Title IX turns 50 this month and, although the law is responsible for so much progress, the work is unfinished. The celebrations and acknowledgements are on the way, but for years women who play sports have been required to be thankful for scraps, and those days are over.
I was born in 1971, the year before Title IX was passed mandating progress in gender equity for schools receiving federal funding. I grew up in southern Virginia, where no one was driving me to an organized basketball practice and I had to wheedle my way into neighborhood games just to play. I grew up loving sports, and being told to my face long before the term “mansplaining” was coined, that girls don’t like sports.
Title IX was not intended at first to apply to sports. It was meant to get women into the law schools that had strict quotas, into the medical schools that had shut them out. According to the American Bar Association, in 1970 only 3 percent of lawyers were women — now they make up 54 percent of students enrolled in law schools. Overall, women make up 60 percent of enrolled college students.
In that sense and many other academic ones, Title IX has been a great success. Women (and for the purposes of this discussion we will use the binary while understanding that many people don’t sort themselves that way anymore) still lag in some areas, but the doors are not rigidly closed to them.
So to sports.
No part of Title IX’s implementation has been as litigated, protested, ignored, and loathed as it has been in sports.
Women’s success in the space has been in spite of the backlash, in spite of forces who considered women’s sports a waste of time and resources. It was only 20 years ago that wrestling coaches blamed Title IX for college decisions to cut some men’s sports, when in reality those schools were often making a decision to invest in football and men’s basketball.
For example, Oklahoma State has an actual, flesh-and-blood horse on hand for professional-grade photoshoots with football recruits, as detailed in this Athletic article. The football arms race, when it comes to locker rooms, amenities, stadiums and coaching salaries, is the stuff of legend and, occasionally, NCAA violations. But rather than blame athletic department priorities, it’s much easier to blame women’s sports.
Oregon basketball player Sedona Prince proved how ridiculous the inequities still are in 2021 when, during the early days of the women’s NCAA basketball tournament, she posted the paltry triangle of weights the women had access to, while in the men’s tournament hotel, a ball room had been turned into a workout Xanadu.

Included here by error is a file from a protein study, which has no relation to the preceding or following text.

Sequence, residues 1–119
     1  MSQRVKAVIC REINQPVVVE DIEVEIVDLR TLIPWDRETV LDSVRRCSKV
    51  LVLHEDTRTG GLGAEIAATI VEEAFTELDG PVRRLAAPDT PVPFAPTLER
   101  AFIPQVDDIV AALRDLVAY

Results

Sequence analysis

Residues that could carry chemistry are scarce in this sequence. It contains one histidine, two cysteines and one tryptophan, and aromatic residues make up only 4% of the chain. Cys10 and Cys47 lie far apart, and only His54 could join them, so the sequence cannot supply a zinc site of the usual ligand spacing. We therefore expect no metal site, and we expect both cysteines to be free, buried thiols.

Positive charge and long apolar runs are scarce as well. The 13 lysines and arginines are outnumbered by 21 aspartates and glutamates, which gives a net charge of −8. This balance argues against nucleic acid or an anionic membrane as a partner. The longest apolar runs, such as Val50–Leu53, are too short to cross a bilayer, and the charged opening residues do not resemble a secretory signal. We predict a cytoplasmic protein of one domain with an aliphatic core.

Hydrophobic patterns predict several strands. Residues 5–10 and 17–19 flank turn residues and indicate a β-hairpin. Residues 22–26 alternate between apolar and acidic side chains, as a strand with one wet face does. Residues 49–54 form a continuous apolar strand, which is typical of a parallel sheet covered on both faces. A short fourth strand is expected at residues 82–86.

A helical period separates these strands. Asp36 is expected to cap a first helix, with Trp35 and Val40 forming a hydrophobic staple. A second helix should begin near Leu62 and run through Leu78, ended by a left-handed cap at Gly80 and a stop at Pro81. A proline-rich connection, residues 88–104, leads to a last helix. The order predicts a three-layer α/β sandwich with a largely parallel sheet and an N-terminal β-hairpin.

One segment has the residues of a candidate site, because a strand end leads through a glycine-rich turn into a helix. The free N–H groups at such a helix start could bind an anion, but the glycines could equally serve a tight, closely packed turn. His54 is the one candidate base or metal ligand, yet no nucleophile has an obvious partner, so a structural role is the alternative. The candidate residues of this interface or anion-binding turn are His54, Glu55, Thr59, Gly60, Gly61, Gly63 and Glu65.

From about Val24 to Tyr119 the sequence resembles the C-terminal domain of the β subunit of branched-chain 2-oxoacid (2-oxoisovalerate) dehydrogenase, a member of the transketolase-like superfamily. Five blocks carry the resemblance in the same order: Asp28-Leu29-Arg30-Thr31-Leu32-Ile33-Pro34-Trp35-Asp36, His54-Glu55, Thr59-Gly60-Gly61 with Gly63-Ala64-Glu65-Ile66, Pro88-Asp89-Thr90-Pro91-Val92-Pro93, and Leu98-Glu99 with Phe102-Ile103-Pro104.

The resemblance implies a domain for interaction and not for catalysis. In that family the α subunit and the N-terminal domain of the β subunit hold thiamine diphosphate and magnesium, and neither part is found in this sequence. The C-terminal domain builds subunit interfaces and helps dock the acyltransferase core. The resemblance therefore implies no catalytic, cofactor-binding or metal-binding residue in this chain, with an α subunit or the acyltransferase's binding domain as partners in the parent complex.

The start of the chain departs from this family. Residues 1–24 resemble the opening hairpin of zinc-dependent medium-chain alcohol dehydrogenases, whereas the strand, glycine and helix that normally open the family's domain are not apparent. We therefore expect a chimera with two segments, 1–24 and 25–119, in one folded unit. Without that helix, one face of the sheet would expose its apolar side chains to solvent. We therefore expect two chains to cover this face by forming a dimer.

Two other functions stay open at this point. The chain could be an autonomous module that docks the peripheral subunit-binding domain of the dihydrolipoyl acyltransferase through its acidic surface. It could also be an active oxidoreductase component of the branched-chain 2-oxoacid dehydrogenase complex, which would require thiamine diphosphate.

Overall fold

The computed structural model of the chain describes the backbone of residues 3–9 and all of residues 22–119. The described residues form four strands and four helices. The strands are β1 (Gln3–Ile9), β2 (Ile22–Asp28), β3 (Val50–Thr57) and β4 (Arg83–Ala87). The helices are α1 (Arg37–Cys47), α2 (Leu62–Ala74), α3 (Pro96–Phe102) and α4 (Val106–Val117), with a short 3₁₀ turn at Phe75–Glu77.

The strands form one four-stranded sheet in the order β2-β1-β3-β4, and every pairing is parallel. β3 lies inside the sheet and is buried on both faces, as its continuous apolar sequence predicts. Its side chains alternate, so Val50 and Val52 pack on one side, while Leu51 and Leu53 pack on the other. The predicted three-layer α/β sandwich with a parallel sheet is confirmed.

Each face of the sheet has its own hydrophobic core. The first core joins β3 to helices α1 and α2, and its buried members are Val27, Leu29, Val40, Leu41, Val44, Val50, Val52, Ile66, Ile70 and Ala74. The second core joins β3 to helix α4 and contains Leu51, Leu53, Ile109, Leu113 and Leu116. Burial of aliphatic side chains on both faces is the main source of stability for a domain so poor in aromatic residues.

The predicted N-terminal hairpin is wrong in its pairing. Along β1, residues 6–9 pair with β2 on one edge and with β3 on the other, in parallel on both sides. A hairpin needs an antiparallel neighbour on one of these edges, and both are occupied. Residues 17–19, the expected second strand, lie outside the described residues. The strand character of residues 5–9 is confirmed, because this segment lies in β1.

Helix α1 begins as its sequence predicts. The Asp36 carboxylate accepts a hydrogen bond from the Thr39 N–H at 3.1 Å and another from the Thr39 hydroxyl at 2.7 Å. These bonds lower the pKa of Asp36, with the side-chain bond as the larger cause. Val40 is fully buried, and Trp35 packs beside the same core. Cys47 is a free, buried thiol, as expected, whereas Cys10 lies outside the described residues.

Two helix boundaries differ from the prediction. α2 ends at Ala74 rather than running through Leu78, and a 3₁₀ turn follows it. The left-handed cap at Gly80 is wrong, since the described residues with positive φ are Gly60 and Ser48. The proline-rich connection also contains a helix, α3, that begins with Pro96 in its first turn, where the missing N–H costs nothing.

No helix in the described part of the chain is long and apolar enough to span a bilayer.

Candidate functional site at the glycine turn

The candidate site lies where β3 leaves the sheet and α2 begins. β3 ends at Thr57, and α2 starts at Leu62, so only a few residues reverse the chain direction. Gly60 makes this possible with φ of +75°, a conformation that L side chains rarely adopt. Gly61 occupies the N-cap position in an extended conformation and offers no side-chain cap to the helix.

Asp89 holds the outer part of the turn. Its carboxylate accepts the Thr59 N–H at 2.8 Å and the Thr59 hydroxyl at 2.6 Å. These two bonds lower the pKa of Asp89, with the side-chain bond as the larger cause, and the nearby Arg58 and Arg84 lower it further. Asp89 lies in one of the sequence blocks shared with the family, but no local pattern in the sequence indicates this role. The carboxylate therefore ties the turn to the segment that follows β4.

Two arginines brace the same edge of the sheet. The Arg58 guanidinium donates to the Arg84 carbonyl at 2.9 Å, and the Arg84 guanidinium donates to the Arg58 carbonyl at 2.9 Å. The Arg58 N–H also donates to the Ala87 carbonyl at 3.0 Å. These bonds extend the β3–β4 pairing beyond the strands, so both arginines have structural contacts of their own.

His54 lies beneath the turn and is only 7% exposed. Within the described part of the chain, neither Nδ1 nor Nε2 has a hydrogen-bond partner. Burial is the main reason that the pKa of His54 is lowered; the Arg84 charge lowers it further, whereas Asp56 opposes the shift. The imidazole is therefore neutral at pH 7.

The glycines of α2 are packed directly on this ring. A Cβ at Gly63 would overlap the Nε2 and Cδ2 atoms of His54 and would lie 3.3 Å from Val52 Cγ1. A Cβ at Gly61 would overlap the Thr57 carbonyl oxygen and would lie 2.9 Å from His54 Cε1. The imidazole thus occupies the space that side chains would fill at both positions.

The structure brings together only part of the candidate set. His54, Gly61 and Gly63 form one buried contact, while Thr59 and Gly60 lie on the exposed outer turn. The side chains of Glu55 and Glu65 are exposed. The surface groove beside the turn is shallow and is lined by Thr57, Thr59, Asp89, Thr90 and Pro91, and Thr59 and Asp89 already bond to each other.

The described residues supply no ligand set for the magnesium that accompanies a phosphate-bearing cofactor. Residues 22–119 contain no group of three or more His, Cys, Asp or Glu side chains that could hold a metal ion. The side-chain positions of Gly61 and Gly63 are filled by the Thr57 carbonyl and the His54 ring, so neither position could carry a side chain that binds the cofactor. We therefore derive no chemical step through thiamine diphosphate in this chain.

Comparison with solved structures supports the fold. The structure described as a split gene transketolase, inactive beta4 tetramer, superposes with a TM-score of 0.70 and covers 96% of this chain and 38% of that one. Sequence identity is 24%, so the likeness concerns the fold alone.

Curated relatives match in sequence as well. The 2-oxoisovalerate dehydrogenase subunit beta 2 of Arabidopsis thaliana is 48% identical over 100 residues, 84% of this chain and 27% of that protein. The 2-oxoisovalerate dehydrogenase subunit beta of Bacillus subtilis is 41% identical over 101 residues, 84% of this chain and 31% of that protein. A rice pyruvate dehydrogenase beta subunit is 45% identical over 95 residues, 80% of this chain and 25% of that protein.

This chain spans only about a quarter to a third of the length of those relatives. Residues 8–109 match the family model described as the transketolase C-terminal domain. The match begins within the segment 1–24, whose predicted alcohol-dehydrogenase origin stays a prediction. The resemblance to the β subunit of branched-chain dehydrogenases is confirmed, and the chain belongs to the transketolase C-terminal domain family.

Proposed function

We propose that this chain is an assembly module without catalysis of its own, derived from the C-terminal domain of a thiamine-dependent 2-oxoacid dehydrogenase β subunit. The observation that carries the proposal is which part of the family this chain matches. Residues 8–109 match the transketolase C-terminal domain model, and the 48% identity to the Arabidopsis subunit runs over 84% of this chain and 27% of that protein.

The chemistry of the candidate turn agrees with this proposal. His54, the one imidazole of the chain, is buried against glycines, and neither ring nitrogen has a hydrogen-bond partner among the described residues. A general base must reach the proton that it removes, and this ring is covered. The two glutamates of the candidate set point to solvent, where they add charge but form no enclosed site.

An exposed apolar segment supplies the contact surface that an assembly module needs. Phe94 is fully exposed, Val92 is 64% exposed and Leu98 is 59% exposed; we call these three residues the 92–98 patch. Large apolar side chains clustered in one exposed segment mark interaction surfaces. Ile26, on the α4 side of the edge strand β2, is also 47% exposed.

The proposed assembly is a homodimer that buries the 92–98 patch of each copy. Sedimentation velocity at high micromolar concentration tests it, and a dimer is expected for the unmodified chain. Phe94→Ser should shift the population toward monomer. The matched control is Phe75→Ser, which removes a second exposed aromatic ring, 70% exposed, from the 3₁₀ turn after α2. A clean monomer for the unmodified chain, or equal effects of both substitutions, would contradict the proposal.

It’s actually a celebration of how long institutions can nickel and dime women in sports. NCAA schools are still pathetic when it comes to women in positions of power. This look at women who serve as Division I athletic directors put the number at 7.5 percent. USA Today did a more detailed look at the numbers, and found only 5 of the 65 Power 5 schools had women in the lead role.
Follow the money. Men are still in the decision-making roles when it comes to college sports, and that explains a lot.
The fact is that women are still in the thick of the fight when it comes to getting the resources and recognition the law calls for when it comes to sport. And that is because there is still a cultural resistance to women in the space. If I hadn’t gone into sports, prompted by my own love of playing sports and writing about them, I could have ignored it.
A woman in media still might be the only one in a locker room, or a sports department. We might be subject to sorting into a sideline role based on judgments about her physical beauty by a male executive, or into a behind-the-scenes role. We are aged out of television at an accelerated rate because only so much of the job is about our expertise, it is more about the perceived appeal to a male sports audience.
For women in professional sports, the fight has been joined by athletes investing in other women’s sports, and demanding the paychecks and the voice they have earned through their play. Listen to Sue Bird talk about how sports radicalized her on the Ladies Room podcast, with me and Julie DiCaro. Being a woman in sports is to become privy to all the institutional disadvantages women are subject to.
And I often think Title IX has hardened the boundaries between men’s and women’s sports. When I grew up, there were a lot of opportunities for informal co-ed play. Now, children are sorted into boys and girls teams for more cultural reasons than physical ones. And that rigidity encourages exclusion of people who don’t feel like either label fits. It is fuel for people who would completely exclude transgender children from play when it is completely unnecessary.
We need more inclusive play. It helps us realize we can work together, and that “the boys” and “the girls” aren’t separate and opposing forces.
Celebrating Title IX is fine, but the law hasn’t gotten us over the finish line in sports.
Walking into the next 50, I plan to adopt Sedona Prince’s attitude when it comes to the inequities that persist.
This should have been fixed already.